'But,' Teppic's aunt blew her nose, 'it's trade, after all.' His father patted her hand. 'Nonsense, flower of the desert,' he said, 'it is a profession, at the very least.'

'What is the difference?' she sobbed.

The old man sighed. 'The money, I understand. It will do him good to go out into the world and make friends and have a few corners knocked off, and it will keep him occupied and prevent him from getting into mischief.'

'But... assassination... he's so young, and he's never shown the least inclination . . .' She dabbed at her eyes. 'It's not from our side of the family,' she added accusingly. 'That brother-in-law of yours-

'Uncle Vyrt,' said his father.

'Going all over the world killing people!'

'I don't believe they use that word,' said his father. 'I think they prefer words like conclude, or annul. Or inhume, I understand.'


'I think it's like exhume, O flooding of the waters, only it's before they bury you.'

'I think it's terrible.' She sniffed. 'But I heard from Lady Nooni that only one boy in fifteen actually passes the final exam. Perhaps we'd just better let him get it out of his system.'

King Teppicymon XXVII nodded gloomily, and went by himself to wave goodbye to his son. He was less certain than his sister about the unpleasantness of assassination; he'd been reluctantly in politics for a long time, and felt that while assassination was probably worse than debate it was certainly better than war, which some people tended to think of as the same thing only louder. And there was no doubt that young Vyrt always had plenty of money, and used to turn up at the palace with expensive gifts, exotic suntans and thrilling tales of the interesting people he'd met in foreign parts, in most cases quite briefly.

He wished Vyrt was around to advise. His majesty had also heard that only one student in fifteen actually became an assassin. He wasn't entirely certain what happened to the other fourteen, but he was pretty sure that if you were a poor student in a school for assassins they did a bit more than throw the chalk at you, and that the school dinners had an extra dimension of uncertainty.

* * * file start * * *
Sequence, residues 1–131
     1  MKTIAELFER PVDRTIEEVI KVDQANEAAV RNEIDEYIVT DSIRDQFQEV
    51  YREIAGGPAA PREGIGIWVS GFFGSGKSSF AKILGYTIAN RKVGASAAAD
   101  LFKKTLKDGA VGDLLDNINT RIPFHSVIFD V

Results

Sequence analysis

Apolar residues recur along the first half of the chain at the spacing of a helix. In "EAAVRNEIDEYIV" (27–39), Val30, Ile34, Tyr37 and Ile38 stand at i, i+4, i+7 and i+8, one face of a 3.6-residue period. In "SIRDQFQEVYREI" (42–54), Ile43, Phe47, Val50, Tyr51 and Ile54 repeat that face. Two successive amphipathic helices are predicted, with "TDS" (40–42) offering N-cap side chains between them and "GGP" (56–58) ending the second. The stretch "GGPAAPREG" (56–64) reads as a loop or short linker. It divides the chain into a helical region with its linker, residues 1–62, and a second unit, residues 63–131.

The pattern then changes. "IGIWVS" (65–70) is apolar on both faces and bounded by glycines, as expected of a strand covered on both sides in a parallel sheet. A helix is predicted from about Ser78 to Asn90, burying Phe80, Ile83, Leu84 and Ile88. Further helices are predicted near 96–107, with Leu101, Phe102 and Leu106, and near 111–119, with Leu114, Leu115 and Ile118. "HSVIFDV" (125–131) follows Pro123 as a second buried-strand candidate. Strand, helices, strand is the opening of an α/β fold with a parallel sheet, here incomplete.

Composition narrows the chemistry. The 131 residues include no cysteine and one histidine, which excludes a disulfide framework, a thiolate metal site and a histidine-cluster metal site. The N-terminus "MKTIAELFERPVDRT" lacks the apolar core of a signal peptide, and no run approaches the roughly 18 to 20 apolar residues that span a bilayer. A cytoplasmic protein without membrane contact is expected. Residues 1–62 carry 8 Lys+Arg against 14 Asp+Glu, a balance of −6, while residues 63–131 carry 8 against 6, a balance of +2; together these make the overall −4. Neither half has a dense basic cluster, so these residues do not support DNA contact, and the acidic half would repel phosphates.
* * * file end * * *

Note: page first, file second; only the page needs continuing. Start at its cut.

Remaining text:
But everyone agreed that the assassins' school offered the best all-round education in the world. A qualified assassin should be at home in any company, and able to play at least one musical instrument. Anyone inhumed by a graduate of the Guild school could go to his rest satisfied that he had been annulled by someone of taste and discretion.

And, after all, what was there for him at home? A kingdom two miles wide and one hundred and fifty miles long, which was almost entirely under water during the flood season, and threatened on either side by stronger neighbours who tolerated its existence only because they'd be constantly at war if it wasn't there.

Oh, Djelibeybi[3] had been great once, when upstarts like Tsort and Ephebe were just a bunch of nomads with their towels on their heads. All that remained of those great days was the ruinously-expensive palace, a few dusty ruins in the desert and - the pharaoh sighed - the pyramids. Always the pyramids.

His ancestors had been keen on pyramids. The pharaoh wasn't. Pyramids had bankrupted the country, drained it drier than ever the river did. The only curse they could afford to put on a tomb these days was 'Bugger Off'.

The only pyramids he felt comfortable about were the very small ones at the bottom of the garden, built every time one of the cats died.

He'd promised the boy's mother.

He missed Artela. There'd been a terrible row about taking a wife from outside the Kingdom, and some of her foreign ways had puzzled and fascinated even him. Maybe it was from her he'd got the strange dislike of pyramids; in Djelibeybi that was like disliking breathing. But he'd promised that Pteppic could go to school outside the kingdom. She'd been insistent about that. 'People never learn anything in this place,' she'd said. 'They only remember things.'

If only she'd remembered about not swimming in the river .